Swapan Banerjee, Bhaswati Samaddar
Swapan Banerjee1*, Bhaswati Samaddar2
1Department of Nutrition, Seacom Skills University, Kendradangal - 731236, Birbhum, West Bengal, India.
2P.G in Dietetics and Food Service Management, IGNOU, Behala - 700060, West Bengal, India.
Volume - 11,
Issue - 4,
Year - 2020
Bangladesh was an integral part of India but separated in 1947. Despite the separation, there is always having a similar culture, lifestyles, food habits, particularly among the people of West Bengal and Bangladesh. The similarity between Bangladesh and Bengal is that everyone likes here typical Bengali music, dance, drama, cinema, reading various novels in addition to diverse literature, arts, painting, and sculpturing. Nurturing the culture is almost every family's tradition, whether as an extra-curriculum activity for a student or self-interest for an adult member. It looks like Bengalis understand, feel, interact, argue, and at last express the cultures in their daily activities. Performing art and cultures are well-practiced since childhood till the last breath in both the places among the majority of the Bengali families. As a result, the great poets, artists, singers, and novelists who are not only making proud the Bengali community but all over the world through their brilliant works. Since March 2020, the world has been facing tremendous health crises and challenges in various sectors due to Covid-19. India and Bangladesh are also a badly affected country like other suffering countries. The risk of infection is more here due to the population (1.38 billion). Similarly, West Bengal, a state in India, was figured at 10.09 cr. Bangladesh showed 16.5 cr. population by the end of 2019. Despite the present pandemic caused by the coronavirus, Bengali and Bangladeshi are still following their tradition of cultures by maintaining the physical distancing. Both the states have been performing and celebrating their arts and cultures, including Rabindra Jayanti (Birthday of Rabindranath Tagore) at home during the lockdown and few virtual celebrations even in unlocking phases. Hence, cultural aspects are bridging the two places even in the COVID-19 crisis, not offline but online, just because of the deterministic attitude of the people towards inherited cultures.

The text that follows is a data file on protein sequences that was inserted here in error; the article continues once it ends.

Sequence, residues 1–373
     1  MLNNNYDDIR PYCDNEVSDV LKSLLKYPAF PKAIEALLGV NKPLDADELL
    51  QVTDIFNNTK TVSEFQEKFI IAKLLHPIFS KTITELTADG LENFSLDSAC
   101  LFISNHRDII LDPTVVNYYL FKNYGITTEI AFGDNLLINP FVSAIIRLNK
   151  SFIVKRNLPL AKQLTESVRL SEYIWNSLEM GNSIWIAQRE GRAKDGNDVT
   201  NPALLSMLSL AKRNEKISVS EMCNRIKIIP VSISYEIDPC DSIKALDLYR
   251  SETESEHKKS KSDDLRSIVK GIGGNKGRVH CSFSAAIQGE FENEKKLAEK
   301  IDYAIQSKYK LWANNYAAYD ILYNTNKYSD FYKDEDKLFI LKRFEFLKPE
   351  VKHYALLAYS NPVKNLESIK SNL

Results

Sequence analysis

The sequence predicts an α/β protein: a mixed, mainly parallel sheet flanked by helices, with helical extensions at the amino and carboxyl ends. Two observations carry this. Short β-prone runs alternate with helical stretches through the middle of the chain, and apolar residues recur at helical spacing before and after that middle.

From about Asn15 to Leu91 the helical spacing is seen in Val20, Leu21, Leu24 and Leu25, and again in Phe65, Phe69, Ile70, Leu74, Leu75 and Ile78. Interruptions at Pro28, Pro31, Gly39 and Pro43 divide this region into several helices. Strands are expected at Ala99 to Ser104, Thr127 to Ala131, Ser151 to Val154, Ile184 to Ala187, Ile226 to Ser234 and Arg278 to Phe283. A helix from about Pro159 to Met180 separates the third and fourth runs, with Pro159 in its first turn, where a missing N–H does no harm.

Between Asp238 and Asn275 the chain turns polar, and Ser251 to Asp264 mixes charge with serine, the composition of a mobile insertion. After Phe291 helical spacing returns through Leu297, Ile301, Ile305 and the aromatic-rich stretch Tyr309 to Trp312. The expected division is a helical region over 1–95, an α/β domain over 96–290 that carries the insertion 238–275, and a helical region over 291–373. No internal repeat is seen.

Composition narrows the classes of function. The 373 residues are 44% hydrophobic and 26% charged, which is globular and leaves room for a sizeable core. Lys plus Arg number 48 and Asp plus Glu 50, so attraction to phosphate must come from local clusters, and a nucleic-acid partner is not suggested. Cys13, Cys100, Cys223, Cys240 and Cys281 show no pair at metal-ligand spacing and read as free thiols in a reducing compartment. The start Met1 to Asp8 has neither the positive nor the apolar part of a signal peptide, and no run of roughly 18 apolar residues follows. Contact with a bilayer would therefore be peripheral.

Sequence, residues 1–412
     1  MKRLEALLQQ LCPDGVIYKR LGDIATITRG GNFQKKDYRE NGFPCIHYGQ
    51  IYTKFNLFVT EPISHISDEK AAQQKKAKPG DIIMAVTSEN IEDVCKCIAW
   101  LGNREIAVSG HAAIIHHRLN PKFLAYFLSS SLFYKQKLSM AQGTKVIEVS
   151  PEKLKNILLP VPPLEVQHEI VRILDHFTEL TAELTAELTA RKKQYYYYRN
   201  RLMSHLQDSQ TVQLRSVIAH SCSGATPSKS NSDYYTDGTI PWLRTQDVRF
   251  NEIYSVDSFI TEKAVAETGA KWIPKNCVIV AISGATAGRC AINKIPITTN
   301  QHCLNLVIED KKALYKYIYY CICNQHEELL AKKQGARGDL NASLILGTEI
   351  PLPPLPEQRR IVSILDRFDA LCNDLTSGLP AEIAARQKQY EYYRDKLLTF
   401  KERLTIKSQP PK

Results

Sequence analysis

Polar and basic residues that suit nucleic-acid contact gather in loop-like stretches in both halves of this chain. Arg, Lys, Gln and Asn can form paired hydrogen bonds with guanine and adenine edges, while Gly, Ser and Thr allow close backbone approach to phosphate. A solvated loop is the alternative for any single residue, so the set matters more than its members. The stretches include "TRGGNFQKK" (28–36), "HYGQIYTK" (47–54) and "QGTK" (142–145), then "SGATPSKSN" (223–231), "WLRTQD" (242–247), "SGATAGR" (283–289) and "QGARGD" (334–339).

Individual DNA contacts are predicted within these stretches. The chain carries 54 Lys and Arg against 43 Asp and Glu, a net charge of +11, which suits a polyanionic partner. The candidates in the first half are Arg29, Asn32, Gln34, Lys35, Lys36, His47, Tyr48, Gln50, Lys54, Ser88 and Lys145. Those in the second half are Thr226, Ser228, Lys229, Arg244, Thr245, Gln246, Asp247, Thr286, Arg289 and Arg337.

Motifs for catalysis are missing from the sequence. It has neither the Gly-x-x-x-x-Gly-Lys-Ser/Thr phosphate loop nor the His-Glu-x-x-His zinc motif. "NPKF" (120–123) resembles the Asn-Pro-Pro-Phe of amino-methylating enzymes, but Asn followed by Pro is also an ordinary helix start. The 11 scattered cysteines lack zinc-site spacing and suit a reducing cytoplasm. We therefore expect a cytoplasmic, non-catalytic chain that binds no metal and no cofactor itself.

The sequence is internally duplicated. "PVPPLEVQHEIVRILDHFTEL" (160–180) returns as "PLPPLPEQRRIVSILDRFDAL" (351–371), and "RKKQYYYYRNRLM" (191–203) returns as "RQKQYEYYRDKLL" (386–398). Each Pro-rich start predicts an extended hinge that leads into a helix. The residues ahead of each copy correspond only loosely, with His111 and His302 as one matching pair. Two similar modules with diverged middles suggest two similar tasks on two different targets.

Cite this article:
Swapan Banerjee, Bhaswati Samaddar. Similarities and Celebrations of culture between Bengal and Bangladesh during the Covid-19 phases. Res. J. Humanities and Social Sciences. 2020; 11(4):341-344. doi: 10.5958/2321-5828.2020.00053.4